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We need whale poo 📷 WDC NA

Whales are our climate allies – meet the scientists busy proving it

At Whale and Dolphin Conservation, we're working hard to bring whales and the ocean into...
Minke whale © Ursula Tscherter - ORES

The whale trappers are back with their cruel experiment

Anyone walking past my window might have heard my groan of disbelief at the news...
Boto © Fernando Trujillo

Meet the legendary pink river dolphins

Botos don't look or live like other dolphins. Flamingo-pink all over with super-skinny snouts and...
Risso's dolphin entangled in fishing line and plastic bags - Andrew Sutton

The ocean is awash with plastic – can we ever clean it up?

You've seen pictures of plastic litter accumulating on beaches or marine wildlife swimming through floating...
Fin whale

Is this the beginning of the end for whaling off Iceland?

I'm feeling cautiously optimistic after Iceland's Fisheries Minister Svandís Svavarsdóttir wrote that there is little...
Mykines Lighthouse, Faroe Islands

Understanding whale and dolphin hunts in the Faroe Islands – why change is not easy

Most people in my home country of the Faroe Islands would like to see an...

Dolphin scientists look like you and me – citizen science in action

Our amazing volunteers have looked out for dolphins from the shores of Scotland more than...
Atlantic white-sided dolphins

The Faroes dolphin slaughter that sparked an outcry now brings hope

Since the slaughter of at least 1,423 Atlantic white-sided dolphins at Skálafjørður in my home...

Orca Watch Week: an update.

At the end of May WDC, its Shorewatch volunteers and our friends at the Sea Watch Foundation attended the annual Orca Watch week in Caithness, Scotland. Now in its 6th year the project was the idea of local legend and Sea Watch Coordinator, Colin Bird, who was keen to measure what effect the installation of underwater turbines in the Pentland Firth would have on the presence of orcas which were known to use this body of water at certain times of the year.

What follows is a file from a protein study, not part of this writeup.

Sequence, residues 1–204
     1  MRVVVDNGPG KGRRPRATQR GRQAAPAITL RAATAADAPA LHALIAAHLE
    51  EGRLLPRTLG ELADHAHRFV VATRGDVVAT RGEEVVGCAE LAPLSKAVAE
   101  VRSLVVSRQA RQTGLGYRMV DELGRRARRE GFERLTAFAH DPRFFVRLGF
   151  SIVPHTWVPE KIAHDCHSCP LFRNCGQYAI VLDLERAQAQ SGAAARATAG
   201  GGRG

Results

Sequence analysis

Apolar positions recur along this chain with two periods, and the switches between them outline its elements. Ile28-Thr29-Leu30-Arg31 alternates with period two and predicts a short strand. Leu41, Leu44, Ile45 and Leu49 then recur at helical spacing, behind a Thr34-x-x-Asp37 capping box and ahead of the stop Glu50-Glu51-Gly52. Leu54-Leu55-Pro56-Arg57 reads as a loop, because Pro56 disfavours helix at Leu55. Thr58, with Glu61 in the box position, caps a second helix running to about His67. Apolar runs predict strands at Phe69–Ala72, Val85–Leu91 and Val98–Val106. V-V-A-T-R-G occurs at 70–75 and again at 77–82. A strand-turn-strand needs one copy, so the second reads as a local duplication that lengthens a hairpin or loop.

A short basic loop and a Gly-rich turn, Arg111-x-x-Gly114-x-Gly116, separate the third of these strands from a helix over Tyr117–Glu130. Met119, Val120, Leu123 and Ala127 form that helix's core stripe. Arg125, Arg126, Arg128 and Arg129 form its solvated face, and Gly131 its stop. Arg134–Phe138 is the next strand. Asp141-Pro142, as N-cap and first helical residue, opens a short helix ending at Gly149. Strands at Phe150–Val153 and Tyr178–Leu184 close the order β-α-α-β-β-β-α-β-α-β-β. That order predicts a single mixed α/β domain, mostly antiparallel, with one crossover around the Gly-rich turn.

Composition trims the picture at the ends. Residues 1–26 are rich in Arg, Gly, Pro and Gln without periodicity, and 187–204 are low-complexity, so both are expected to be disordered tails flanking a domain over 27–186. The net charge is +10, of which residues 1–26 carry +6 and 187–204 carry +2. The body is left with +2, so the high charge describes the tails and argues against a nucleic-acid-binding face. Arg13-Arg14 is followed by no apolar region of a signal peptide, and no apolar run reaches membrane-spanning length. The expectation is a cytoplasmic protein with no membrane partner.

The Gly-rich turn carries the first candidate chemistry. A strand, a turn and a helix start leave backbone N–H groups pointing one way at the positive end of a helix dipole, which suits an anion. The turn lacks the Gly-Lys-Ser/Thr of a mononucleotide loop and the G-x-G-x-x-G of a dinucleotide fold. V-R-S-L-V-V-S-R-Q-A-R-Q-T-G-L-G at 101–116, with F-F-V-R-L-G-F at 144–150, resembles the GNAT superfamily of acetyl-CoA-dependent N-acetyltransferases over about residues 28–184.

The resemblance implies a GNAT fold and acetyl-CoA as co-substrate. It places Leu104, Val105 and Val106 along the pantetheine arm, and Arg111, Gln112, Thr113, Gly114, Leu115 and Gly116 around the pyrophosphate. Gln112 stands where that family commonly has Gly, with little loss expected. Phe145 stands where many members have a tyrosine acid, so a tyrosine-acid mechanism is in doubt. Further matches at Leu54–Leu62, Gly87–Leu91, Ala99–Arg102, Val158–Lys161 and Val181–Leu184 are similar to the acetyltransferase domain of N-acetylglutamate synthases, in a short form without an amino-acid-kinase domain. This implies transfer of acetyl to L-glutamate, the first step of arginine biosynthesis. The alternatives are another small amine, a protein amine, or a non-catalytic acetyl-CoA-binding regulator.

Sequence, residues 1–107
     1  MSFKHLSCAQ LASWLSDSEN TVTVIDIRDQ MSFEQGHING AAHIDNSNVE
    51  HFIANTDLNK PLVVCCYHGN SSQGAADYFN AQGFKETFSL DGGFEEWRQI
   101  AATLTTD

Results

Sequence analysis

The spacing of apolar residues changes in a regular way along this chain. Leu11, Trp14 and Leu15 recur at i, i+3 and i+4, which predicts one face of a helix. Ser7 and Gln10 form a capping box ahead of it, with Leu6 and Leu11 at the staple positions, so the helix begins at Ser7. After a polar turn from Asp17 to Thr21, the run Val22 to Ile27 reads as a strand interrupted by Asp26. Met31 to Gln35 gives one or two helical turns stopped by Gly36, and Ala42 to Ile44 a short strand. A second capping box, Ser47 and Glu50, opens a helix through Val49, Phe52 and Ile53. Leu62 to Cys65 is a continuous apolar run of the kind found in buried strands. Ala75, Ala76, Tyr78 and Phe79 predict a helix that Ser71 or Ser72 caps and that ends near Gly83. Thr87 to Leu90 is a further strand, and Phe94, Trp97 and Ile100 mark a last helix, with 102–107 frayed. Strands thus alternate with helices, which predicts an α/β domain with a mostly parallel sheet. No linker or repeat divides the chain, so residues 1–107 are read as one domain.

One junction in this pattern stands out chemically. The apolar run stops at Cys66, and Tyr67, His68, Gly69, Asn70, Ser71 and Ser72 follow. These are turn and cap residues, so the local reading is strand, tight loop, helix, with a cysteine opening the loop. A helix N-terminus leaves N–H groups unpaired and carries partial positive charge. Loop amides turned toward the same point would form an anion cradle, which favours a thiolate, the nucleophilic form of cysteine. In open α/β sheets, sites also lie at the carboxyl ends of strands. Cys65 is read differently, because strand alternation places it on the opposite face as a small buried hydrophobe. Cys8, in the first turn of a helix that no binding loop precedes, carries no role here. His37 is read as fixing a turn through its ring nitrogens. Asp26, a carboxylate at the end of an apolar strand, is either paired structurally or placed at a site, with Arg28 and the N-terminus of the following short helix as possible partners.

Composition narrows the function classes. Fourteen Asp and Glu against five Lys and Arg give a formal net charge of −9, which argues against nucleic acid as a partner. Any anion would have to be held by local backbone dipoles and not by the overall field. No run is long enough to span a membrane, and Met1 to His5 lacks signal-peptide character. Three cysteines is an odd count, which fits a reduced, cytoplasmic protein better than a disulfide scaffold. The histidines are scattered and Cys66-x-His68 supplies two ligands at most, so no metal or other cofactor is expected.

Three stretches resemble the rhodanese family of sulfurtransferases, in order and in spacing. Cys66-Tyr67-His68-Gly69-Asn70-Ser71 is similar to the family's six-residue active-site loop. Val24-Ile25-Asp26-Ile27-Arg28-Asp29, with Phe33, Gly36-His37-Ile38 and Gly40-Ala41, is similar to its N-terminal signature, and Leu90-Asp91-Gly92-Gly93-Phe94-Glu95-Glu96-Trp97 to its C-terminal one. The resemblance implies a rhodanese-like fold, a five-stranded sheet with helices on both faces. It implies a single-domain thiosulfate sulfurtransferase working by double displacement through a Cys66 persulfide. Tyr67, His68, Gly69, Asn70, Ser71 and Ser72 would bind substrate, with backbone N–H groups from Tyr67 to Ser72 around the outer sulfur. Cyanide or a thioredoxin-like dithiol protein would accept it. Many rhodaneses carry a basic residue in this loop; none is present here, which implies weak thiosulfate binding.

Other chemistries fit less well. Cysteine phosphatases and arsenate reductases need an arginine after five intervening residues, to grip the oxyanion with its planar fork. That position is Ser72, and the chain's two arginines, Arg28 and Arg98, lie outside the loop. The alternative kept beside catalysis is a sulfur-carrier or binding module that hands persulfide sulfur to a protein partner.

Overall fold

Since its inception in 2012 the event has grown steadily and now attracts hundreds of people over the course of the week including dedicated whale watchers, tourists and both local and national media. Our main viewing point was Duncansby Head just east of John O’Groats but we also had teams of other observers along the coast as well as on the ferry which headed across the Pentland Firth to the Orkneys twice daily. 

Kathy James, Sea Watch Foundation’s Sightings Officer has compiled the sightings data together with an entertaining overview of the week’s events which can be seen here. Data is still being analysed but orca were sighted on 19 occasions between May 20th and the 28th. Other cetaceans spotted include Risso’s dolphins, minke whales and harbour porpoise

While writing this update regular reports are still coming in of orcas spotted off Scotland’s northern coastline as well as around the Orkney and Shetland Isles. Dedicated social media sites encourage people to submit their whale and dolphin photos to enable researchers to build a more comprehensive picture of how orcas are utilising this area during the summer months. It is important for people on the water to know that all photos should be sourced responsibly to avoid any undue stress to the whales. Most photos are clear enough to allow researchers to identify who’s who amongst the pod and perhaps one of the most distinctive orcas regularly seen is Mousa who travels down from Iceland with her family in Spring each year. Last year Mousa was regularly seen off the Caithness coast in early summer before heading north to the Shetlands where the family appeared to spend most of August and September.

There are currently 432 orca in the Icelandic orca ID catalogue but to date it appears that only a handful – maybe a dozen or so – make the trip south each year. Why this is nobody is entirely sure but those that do come appear to be switching their food preference from hunting herring in Iceland to seals in Scotland.

The valuable information gleaned as to how and when orcas use this area will be used to inform conservation management policy and make sure the orcas’ voice is heard as our coastlines become increasingly developed.

I have no doubt that Orca Watch 2018 will be an even bigger and better event and, who knows, we may be able to add new fins to the database of orcas doing the Iceland-Scotland shuffle. 

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